They talk a lot at Port of Portland about hope, but Joy wonders how long do we have to have hope? It gets to be daunting at times, living in this time of uncertainty. Joy’s son James is 30, and she has three grandchildren who are already talking about race at ages 10, 6, and 4. She wishes she could spare them from having to think about these things.
Joy struggled to adapt when she arrived in Oregon because New York was so much more diverse. It’s hard to be a Black or brown person here. Once here, you learn how to navigate and adjust.
“I don’t know if I’ve adapted in a good way or a bad way, but I’ve adapted. I can do Northwest nice...I lost my accent because I was told that was not going to work...because I came when I was so young, I was willing to do things I probably wouldn’t be willing to do if I came here today.”
When she first started working in finance in Portland, someone took her aside and said, “do you really want to know what it takes to be successful here?” She adapted and adapting helped her be successful, but she lost a little bit of who she was in the process.
But she believes the changes she made when she first moved here allow her to do the kind of work she is doing now...”along with a 13-1/2-year-old who taught me more than I would ever learn.”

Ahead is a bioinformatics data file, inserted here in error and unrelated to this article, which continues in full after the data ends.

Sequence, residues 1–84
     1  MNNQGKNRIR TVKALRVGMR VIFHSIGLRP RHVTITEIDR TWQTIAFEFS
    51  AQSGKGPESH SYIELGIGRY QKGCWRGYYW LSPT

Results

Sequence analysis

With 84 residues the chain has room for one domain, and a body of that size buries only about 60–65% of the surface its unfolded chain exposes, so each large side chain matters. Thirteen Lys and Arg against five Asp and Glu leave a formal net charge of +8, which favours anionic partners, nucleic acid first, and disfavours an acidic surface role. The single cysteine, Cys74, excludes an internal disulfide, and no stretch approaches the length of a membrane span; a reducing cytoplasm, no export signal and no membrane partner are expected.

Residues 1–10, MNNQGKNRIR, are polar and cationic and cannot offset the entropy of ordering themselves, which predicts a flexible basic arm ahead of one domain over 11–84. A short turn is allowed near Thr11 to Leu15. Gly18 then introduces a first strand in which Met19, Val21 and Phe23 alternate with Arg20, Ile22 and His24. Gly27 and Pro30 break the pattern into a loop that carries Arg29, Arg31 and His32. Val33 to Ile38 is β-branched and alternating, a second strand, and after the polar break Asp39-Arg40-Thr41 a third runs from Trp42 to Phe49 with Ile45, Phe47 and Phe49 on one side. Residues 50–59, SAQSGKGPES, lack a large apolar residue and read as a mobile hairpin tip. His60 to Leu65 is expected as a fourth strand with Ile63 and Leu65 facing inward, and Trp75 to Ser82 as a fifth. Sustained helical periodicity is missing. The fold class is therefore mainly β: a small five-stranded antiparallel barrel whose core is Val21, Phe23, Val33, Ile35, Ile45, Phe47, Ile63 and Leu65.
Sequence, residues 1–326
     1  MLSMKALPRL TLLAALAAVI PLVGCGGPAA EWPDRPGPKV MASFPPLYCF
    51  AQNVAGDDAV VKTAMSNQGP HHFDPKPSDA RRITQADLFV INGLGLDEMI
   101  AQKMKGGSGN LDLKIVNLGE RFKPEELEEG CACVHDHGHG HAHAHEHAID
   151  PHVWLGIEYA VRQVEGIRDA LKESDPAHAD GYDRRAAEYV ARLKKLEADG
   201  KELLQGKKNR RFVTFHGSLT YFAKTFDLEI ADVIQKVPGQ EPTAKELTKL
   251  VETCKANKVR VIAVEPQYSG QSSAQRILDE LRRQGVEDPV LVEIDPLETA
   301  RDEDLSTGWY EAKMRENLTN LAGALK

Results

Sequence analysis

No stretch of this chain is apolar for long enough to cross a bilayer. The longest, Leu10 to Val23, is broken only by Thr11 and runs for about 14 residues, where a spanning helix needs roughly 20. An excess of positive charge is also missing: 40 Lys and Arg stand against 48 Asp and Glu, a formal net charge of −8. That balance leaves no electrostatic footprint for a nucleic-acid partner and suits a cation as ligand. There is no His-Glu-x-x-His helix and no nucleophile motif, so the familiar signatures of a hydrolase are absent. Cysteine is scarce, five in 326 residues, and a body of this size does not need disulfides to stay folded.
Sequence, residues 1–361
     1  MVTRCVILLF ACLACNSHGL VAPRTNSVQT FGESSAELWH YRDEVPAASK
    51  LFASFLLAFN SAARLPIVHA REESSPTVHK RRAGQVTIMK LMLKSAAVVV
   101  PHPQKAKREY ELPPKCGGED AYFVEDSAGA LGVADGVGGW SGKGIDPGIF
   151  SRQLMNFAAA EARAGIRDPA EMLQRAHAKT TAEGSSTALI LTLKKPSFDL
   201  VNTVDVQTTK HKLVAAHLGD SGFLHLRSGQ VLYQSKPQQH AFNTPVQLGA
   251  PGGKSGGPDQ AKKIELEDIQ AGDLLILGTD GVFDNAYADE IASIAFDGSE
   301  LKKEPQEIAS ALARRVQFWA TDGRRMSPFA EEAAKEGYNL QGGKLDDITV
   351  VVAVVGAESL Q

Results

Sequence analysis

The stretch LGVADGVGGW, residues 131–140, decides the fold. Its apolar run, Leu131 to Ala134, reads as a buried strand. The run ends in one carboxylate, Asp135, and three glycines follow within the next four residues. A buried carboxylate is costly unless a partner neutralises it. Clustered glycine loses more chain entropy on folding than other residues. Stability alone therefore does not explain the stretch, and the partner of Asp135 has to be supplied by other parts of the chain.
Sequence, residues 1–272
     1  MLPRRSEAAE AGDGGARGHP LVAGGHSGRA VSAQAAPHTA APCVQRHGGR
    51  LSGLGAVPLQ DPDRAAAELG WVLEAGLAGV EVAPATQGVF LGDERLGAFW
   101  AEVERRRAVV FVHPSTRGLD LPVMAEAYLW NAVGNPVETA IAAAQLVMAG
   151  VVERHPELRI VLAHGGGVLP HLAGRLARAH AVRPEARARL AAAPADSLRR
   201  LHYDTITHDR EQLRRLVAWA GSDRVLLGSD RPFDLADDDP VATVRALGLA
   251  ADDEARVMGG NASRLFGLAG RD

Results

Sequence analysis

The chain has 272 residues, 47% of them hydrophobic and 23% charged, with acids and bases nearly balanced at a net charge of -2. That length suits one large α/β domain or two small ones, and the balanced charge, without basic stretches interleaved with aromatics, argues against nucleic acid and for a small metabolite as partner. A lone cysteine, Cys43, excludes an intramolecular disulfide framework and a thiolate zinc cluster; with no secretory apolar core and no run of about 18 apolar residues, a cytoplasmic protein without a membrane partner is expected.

“I learned very quickly that being that strong Black woman my mother created was not widely accepted in the business world; it just wasn’t.”
Joy talks about “covering” at work. (Covering is when people in minority groups conceal something about themselves to avoid making other people feel uncomfortable or to lessen attention to a given characteristic; 79 percent of Black people report covering at work to adapt.)
“When I came home and I was part of my community (her sorority)...I was all of who Joy wanted to be, and when work gets stressful and you’re covering at work, it gets very hard. One of the things I learned is that I will not cover any more, because it can affect your health...and it’s too much to bear. I will never put myself into that situation again, so I did learn something from that.”
Joy is thrilled she no longer has to pretend to be someone she is not.